Expert group led by BJP deputy denounces livestock ministry for ‘zero’ funds for cow disease protection
New Delhi: A standing parliamentary committee headed by a BJP MP criticized the livestock department for a substantial cut in funding for programs to promote health and prevent disease in livestock such as cows, buffaloes, sheep, goats and camels, among others.
In a report tabled during the monsoon session of Parliament, the Standing Committee on Agriculture, chaired by Karnataka MP BJP PC Gaddigoudar, said there was a growing gap between the amount initially allocated in the budgets and the final grant to some of the schemes.
He notably highlighted the Livestock Health and Disease Control Program (LHDC), which was first launched in 2010 for track “animal diseases of economic importance ‘ such as foot-and-mouth disease (FMD) in cows and other clawed animals.
According to the report, not only funding for the program has plunged between 2017-18 and 2021-2022, some of its sub-components did not receive a single penny in the last fiscal year.
Take the National Animal Disease Notification System (NADRS), a crucial sub-component of the LHDC program.
The NADRS was unveiled for the first time in 2009 to monitor livestock diseases and contain epidemics. When the Modi government took power in 2014, it upgraded the program to NADRS 2.0, bringing it online to enable real-time animal disease reporting, which would allow rapid action.
In 2019, the government even launched a NADRS 2.0 application, which was also to collect details on stray cattle.
But the parliamentary panel report said that from Rs 6.79 crore in fiscal year 2019-2020, the funding allocation for NADRS 2.0 fell to zero in 2020-21.
The report indicates that the farm has defended itself by showing that overall, the funds allocated to the LHDC program have been used at 100 percent.
The panel, however, found this misleading because, according to them, some of the sub-components of the LHDC showed no financial progress and no physical achievement.
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Poor veterinary infrastructure
In the report titled State of veterinary services and availability of animal vaccines in the country, the parliamentary panel also expressed its “utter dismay” that no hospital or veterinary clinic was strengthened or created under the LHDC between 2017-18 and 2020-21.
According to the report, states such as Arunachal Pradesh, Kerala and Jammu and Kashmir experienced a reduction in the number of veterinary hospitals from 2019-2020 to 2020-21, while Himachal Pradesh, Maharashtra and MP saw a decline in the number of dispensaries in 2020-21. compared to the previous year.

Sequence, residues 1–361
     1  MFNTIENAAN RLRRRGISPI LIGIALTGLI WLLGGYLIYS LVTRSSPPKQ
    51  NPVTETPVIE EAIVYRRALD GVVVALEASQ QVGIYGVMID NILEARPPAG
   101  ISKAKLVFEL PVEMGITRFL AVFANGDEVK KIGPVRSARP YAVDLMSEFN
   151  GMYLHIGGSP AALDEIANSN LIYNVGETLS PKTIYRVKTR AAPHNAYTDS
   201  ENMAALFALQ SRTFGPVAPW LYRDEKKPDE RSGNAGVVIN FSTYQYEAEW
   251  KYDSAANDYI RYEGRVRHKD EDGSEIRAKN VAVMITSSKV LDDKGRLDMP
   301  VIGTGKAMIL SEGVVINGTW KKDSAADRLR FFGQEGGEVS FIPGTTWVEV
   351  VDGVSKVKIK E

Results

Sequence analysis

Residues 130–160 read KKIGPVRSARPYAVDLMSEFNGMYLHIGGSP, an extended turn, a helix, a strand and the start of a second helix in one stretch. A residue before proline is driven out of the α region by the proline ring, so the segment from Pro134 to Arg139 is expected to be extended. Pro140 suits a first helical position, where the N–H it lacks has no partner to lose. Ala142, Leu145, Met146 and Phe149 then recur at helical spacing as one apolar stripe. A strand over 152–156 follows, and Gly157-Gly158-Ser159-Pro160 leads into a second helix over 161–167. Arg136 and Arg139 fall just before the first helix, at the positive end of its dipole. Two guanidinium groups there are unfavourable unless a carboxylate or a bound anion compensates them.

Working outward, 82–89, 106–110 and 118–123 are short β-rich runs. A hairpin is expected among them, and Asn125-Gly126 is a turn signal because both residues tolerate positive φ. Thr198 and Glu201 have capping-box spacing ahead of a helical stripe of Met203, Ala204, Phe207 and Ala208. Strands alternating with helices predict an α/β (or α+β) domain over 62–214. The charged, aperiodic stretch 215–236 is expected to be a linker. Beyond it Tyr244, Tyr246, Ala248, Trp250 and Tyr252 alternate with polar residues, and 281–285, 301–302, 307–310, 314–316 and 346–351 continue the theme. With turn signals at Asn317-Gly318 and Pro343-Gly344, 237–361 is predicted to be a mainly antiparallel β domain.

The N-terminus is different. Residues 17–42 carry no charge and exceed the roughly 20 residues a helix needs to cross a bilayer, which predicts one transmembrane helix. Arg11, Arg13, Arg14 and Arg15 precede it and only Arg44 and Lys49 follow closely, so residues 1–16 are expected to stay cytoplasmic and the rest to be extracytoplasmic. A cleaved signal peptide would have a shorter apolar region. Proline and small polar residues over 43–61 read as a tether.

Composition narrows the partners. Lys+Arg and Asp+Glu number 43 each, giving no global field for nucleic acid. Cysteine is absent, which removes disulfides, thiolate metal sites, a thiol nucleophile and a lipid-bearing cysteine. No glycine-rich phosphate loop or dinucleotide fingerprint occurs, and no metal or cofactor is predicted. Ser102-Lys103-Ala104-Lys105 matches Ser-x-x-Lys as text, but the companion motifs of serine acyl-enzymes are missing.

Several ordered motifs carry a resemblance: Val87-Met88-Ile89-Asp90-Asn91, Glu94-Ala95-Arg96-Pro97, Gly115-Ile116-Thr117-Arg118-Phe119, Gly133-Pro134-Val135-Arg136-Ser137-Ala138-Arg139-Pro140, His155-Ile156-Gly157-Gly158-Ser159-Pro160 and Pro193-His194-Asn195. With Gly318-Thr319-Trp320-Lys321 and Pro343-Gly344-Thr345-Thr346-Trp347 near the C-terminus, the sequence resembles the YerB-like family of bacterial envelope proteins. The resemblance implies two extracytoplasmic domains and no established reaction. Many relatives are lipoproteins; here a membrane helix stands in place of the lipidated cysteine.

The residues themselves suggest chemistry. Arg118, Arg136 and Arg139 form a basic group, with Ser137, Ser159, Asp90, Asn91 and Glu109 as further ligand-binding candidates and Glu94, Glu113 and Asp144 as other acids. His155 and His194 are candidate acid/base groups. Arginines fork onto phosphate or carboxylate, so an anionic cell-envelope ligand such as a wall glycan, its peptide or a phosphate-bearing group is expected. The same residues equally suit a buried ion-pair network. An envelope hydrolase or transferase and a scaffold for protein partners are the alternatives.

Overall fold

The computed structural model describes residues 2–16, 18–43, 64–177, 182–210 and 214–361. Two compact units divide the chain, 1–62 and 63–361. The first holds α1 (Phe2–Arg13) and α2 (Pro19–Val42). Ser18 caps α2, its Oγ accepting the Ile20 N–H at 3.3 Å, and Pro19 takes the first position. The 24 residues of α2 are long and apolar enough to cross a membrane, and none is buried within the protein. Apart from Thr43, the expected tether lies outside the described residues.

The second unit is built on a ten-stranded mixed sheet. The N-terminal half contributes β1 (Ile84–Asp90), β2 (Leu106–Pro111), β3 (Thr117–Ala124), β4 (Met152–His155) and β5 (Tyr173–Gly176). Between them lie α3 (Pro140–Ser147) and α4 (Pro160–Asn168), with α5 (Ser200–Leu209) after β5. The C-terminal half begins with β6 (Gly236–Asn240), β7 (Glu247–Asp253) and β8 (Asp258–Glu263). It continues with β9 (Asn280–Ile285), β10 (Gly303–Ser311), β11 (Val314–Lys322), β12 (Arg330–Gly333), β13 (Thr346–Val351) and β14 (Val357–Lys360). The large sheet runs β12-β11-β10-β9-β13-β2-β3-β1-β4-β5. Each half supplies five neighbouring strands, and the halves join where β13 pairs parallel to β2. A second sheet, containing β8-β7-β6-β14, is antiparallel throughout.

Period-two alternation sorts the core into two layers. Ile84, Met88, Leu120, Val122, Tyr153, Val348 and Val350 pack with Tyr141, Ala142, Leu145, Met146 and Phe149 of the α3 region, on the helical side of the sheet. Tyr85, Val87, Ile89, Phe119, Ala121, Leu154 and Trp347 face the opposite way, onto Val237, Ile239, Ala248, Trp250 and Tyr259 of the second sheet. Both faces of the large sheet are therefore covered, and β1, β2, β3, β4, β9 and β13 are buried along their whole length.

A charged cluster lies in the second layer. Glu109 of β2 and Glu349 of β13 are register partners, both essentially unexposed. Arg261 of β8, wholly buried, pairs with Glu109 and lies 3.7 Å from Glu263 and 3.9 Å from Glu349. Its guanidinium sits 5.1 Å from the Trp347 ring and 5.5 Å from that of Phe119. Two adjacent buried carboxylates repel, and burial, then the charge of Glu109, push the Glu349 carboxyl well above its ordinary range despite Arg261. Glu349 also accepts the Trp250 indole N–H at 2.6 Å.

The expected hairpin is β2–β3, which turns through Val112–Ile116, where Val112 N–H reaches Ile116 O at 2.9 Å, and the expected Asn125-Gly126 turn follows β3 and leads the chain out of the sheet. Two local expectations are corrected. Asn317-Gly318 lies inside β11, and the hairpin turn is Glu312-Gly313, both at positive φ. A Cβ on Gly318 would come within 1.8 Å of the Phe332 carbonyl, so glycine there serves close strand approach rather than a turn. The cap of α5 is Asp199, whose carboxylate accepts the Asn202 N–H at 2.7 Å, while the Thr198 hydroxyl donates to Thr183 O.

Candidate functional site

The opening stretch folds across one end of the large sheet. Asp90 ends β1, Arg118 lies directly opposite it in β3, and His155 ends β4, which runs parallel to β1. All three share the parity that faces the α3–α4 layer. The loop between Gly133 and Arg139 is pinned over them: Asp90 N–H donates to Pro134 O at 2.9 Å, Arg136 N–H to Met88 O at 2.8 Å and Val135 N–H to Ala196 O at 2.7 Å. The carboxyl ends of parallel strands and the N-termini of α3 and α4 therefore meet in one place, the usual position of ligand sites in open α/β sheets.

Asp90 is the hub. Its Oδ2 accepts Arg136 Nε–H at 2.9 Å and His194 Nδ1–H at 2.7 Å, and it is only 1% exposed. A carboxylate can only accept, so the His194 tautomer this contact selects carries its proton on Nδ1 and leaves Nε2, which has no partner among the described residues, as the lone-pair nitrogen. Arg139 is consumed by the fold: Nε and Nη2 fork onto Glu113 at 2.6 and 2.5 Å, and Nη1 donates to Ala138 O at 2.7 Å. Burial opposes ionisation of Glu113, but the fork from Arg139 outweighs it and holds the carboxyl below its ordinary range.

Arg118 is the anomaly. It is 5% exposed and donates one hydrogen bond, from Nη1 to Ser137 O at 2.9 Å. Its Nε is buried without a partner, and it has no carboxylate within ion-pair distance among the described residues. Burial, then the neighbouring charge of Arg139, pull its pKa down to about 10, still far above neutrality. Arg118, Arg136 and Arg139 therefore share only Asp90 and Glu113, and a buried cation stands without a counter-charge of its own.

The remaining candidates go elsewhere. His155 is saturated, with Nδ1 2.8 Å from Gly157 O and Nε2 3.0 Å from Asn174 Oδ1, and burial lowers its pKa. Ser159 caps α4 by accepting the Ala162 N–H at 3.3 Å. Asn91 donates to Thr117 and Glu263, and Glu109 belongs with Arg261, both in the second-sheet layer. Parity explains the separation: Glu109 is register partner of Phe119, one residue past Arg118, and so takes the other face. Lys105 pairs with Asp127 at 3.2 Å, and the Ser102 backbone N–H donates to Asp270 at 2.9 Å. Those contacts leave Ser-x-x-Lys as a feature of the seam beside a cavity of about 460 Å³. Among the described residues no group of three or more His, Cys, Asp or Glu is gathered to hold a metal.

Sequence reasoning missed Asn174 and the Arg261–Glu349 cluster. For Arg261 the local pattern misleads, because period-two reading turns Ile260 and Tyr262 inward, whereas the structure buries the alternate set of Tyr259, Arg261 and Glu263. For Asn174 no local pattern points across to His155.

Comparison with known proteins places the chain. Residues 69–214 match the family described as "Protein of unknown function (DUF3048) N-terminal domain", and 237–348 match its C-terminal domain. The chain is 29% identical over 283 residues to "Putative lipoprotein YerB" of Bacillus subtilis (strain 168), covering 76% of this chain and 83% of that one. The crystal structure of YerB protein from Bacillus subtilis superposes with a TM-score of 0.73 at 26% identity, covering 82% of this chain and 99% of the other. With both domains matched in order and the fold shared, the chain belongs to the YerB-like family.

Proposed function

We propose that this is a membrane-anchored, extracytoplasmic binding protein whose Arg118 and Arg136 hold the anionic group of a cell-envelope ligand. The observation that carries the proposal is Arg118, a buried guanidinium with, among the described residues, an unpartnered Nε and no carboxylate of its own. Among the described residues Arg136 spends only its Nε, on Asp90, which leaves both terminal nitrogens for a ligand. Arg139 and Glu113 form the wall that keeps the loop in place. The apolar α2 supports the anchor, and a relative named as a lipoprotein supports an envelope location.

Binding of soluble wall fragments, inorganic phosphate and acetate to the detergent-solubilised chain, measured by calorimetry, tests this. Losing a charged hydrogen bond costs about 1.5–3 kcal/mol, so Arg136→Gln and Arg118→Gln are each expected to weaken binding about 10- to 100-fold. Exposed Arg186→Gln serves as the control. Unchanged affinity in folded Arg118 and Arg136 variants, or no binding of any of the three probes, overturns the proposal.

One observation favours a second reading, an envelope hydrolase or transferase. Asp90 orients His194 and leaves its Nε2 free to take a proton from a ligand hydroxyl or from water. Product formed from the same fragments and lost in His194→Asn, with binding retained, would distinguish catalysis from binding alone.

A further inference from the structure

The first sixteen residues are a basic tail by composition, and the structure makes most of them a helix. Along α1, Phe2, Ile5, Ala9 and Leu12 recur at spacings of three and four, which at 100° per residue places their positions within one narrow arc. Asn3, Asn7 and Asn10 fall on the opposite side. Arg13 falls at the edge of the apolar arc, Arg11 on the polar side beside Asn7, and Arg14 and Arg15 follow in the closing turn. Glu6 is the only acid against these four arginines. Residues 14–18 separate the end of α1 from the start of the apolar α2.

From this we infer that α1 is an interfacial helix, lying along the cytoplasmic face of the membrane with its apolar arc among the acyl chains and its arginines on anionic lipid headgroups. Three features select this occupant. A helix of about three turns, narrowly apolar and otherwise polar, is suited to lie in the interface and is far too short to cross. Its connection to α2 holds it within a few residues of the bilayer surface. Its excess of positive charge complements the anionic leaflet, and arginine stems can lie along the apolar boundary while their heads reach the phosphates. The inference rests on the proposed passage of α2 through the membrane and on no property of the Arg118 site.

The report also found that Delhi and Chandigarh do not have a single veterinary aid center or mobile veterinary unit to meet the needs of livestock owners.
According to the report, the Department of Livestock argued that this decline in veterinary infrastructure is due to the fact that a few states have revised the number of veterinary institutions according to their types and nomenclature.
The committee, however, has always expressed dissatisfaction with the current state of inadequate veterinary infrastructure in the country.
“Not enough veterinary staff and vaccines”
The parliamentary committee also underlined the low availability of veterinary personnel and animal vaccines, apart from the infrastructures.
He noted that the country’s current veterinary headquarters and colleges are woefully insufficient to handle the increasing livestock populations. The panel recommended increasing the number of seats in existing colleges with the recognition of more veterinary colleges in the country.
According to the report, with a current herd of 535.78 million, the country needs 1,07,156 veterinary establishments against the current number of 65,894.
As for animal vaccination, the committee was informed that there is a need for approximately 982 million doses of foot-and-mouth disease vaccine, 41.4 million doses of Brucella vaccine and 223.14 million doses of plague. Small Ruminants among others.
The panel called for full autonomy in the manufacture of animal vaccines to fill the gap.
To overcome obstacles to immunization coverage, the standing committee recommended the deployment of agents from Krishi Mitra and MGNREGA with the participation of institutions from Panchayati raj. This should be repeated on lines similar to that of Mission Indradhanush, which is designed for immunization of children.
(Edited by Arun Prashanth)
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